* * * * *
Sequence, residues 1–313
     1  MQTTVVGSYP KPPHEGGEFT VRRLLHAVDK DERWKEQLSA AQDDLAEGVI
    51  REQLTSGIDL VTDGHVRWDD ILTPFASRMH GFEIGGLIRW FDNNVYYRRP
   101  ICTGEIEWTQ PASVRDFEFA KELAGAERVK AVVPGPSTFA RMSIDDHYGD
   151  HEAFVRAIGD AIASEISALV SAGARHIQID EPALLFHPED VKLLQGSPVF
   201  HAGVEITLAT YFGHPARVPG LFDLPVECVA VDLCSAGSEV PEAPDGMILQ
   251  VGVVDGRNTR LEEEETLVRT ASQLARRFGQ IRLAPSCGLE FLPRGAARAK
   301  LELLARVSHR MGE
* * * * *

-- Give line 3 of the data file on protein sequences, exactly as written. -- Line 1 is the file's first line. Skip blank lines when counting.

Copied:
    51  REQLTSGIDL VTDGHVRWDD ILTPFASRMH GFEIGGLIRW FDNNVYYRRP